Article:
Numbers on very different scales

15/09/2018

 

If there is one thing for sure it is that we are creatures of habit. Habitual in routine, with schedules. Whether we know it or not, with numbers too. Us humans work better when we can organise numerically. We’re talking age, dates, time, it’s all numerical and they are all social constructions, that aren’t really all essential, but are put in place anyway so we can comprehend life more simply. If I ask how old someone I have just met is, first of all comes their numbered age. Following that, if it is close to my age, I’ll then ask what school year they were in. One year above, or one year below. Us humans, we need to categorise, it’s just how we’re wired. 

Something that is also numerical? The number of people we have slept with. I don’t really know why, maybe it whittles down from the phrase of ‘notches on a bedpost’? How many notches do you have sort of thing? But for as long as I can remember, it’s a number, often protected and guarded by one’s self, that is carried with us, no matter what the circumstances and back-stories may be. Much like a Sim with it’s green diamond health bar upon its head, the number of sexual encounters with different people, is a number that we wear above our heads very similarly.

 

In a society striving for inclusivity, diversity and equality, why do we still see women openly and proudly enjoying sex just as much as the man sat next to her as an unladylike quality?

 

Of course we all have our own ideas of how many is too many, how little is too little, and what constitutes as a red flag of sin. Each of us with our own interpretations of what’s the ideal figure for a potential future partner, and how many your friend can ‘be on’ before you start gently nudging them to the idea that they should probably start thinking about settling down and marrying soon. And like many other social constructions, the concept is filled with paradox. In school we spent most of our late education years fearing what people may think if our number was too low, in university shying away from a figure that was deemed too high. In blossoming relationships we constantly question what number is okay to admit, and in new friendships we wonder how to broach that juicy topic. There’s not much consistency when it comes to how many sexual partners one should have in their lifetime, but one thing that is consistent? Women should never sleep with as many humans as men do. And while, a number may just be a number, a women’s 10 is very much a man’s 1 (it’s like dog years but with sex – like I said, we even have to age dogs with understandable numbers) and trust me, the way a women’s ‘notches’ stack up is a far different story to how a man’s does.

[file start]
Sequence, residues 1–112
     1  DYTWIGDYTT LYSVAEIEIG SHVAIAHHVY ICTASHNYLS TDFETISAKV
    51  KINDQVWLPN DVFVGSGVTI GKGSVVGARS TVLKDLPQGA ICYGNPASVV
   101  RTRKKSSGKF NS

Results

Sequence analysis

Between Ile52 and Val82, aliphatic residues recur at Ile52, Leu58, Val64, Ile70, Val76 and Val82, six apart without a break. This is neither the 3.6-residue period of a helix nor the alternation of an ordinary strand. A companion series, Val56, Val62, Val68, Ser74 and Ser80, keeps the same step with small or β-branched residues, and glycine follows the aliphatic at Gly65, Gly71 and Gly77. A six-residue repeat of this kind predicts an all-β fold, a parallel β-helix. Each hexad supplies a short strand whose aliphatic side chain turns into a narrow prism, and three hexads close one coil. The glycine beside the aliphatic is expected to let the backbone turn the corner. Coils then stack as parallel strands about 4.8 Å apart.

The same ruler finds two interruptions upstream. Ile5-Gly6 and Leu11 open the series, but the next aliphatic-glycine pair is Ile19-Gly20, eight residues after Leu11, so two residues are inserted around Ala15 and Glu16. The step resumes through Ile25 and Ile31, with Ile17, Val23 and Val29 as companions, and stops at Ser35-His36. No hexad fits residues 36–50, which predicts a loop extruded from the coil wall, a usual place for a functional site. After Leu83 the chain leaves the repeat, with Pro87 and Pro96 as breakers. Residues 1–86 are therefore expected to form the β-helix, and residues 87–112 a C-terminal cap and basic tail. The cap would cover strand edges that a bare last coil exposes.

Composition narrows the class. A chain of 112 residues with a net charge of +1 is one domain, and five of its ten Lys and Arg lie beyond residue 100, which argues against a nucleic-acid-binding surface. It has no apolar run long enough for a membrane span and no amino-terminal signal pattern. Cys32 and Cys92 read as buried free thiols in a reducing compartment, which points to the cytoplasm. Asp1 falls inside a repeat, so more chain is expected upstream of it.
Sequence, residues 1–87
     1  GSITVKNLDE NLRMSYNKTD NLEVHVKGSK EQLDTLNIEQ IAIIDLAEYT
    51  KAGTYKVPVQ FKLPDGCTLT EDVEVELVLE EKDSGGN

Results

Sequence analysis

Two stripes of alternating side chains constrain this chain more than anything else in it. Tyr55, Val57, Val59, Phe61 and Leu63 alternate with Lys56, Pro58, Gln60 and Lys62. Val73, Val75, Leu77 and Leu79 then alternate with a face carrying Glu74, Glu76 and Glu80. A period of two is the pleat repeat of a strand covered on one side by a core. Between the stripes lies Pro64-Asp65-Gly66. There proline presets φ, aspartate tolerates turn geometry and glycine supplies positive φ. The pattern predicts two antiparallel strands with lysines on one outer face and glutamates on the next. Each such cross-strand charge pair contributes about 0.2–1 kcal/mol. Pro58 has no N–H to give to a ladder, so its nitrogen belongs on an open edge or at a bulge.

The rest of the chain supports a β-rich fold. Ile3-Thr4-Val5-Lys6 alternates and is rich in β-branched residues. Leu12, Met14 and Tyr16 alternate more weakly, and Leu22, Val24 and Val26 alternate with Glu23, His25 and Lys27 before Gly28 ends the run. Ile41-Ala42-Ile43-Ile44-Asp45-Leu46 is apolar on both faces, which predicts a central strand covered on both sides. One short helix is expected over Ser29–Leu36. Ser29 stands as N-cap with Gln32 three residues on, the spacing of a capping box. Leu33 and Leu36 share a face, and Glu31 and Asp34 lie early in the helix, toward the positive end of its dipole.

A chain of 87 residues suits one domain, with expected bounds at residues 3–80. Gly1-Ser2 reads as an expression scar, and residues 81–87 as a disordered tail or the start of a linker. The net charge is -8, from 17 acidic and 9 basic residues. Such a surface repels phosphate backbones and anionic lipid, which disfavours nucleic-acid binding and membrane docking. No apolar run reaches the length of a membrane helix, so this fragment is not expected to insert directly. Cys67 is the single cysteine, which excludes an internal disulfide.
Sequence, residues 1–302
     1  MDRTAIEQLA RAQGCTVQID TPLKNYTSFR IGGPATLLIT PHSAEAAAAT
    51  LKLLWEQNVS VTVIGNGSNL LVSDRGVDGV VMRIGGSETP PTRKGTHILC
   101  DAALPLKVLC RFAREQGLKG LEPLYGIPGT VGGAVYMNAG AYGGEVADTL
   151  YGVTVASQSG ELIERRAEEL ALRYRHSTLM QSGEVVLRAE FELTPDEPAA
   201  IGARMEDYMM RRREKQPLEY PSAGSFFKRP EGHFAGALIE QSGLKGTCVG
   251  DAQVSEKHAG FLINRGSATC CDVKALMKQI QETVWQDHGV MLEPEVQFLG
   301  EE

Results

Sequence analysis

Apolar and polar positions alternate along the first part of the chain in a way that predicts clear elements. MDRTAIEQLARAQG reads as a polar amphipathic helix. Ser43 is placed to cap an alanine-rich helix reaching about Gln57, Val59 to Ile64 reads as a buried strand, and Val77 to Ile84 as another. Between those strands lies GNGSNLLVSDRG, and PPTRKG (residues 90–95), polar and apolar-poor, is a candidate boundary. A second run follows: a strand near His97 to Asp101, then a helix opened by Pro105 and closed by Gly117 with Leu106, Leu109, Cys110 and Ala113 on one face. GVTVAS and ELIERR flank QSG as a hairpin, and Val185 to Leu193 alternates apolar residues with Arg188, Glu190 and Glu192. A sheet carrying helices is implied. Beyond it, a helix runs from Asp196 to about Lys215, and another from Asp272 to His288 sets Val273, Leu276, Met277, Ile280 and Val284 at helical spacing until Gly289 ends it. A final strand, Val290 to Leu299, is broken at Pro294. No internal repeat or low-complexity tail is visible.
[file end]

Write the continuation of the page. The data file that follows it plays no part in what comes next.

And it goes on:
We saw this exact scenario in this year’s infamous Love Island, and I’m talking specifically Adam Collard and Megan Barton-Hanson. The stark comparison of reception is indisputable. While, some viewers found Adam’s chopping and changing of ‘coupling’ somewhat distasteful, there was no ground for hatred and judgement, since he was just that ‘kind of guy’. We’ve all met them, those men that cannot just settle for one woman, can’t make up his mind, but we avoid and leave it at that. However, the response to Megan’s similar carefree mindset was a whole different kettle of fish. Throughout the summer, we witnessed Megan openly owning (what a woman) her exotic dancing past, having sex with two different men, all while keeping her options open on the back burner, kissing a few frogs. Her narrative was no different to Adam’s however perceived noticeably more damaging to young girls, grounds for concern of her self worth and foundation for a great deal of people questioning how she can be so “unladylike”. 

 

It’s absurd. In a society striving for inclusivity, diversity and equality, why do we still see women openly and proudly enjoying sex just as much as the man sat next to her as an unladylike quality? Why is it that men are often applauded by their peers for their promiscuity yet women appal the same people doing just that. 

The number above one’s head, defining their sexual history in so much of a single figure is reductionist, but maybe it is something that us humans need in order to categorise and process. We spoke about this, we like numbers. Okay, I can accept that. But if a numerical inclination is what’s necessary then we must strive for a one scale fits all situation. No more dog years for men vs women. If you’re okay with men sleeping with multiple partners, then you must be okay with women doing just that in the same non-defining manner, as we saw Adam and Megan doing so this summer. It takes two to tango, and society must start getting it’s head around the fact that it’s okay for women to like tangoing too. 

 

– This article was written by Eleana Davidson

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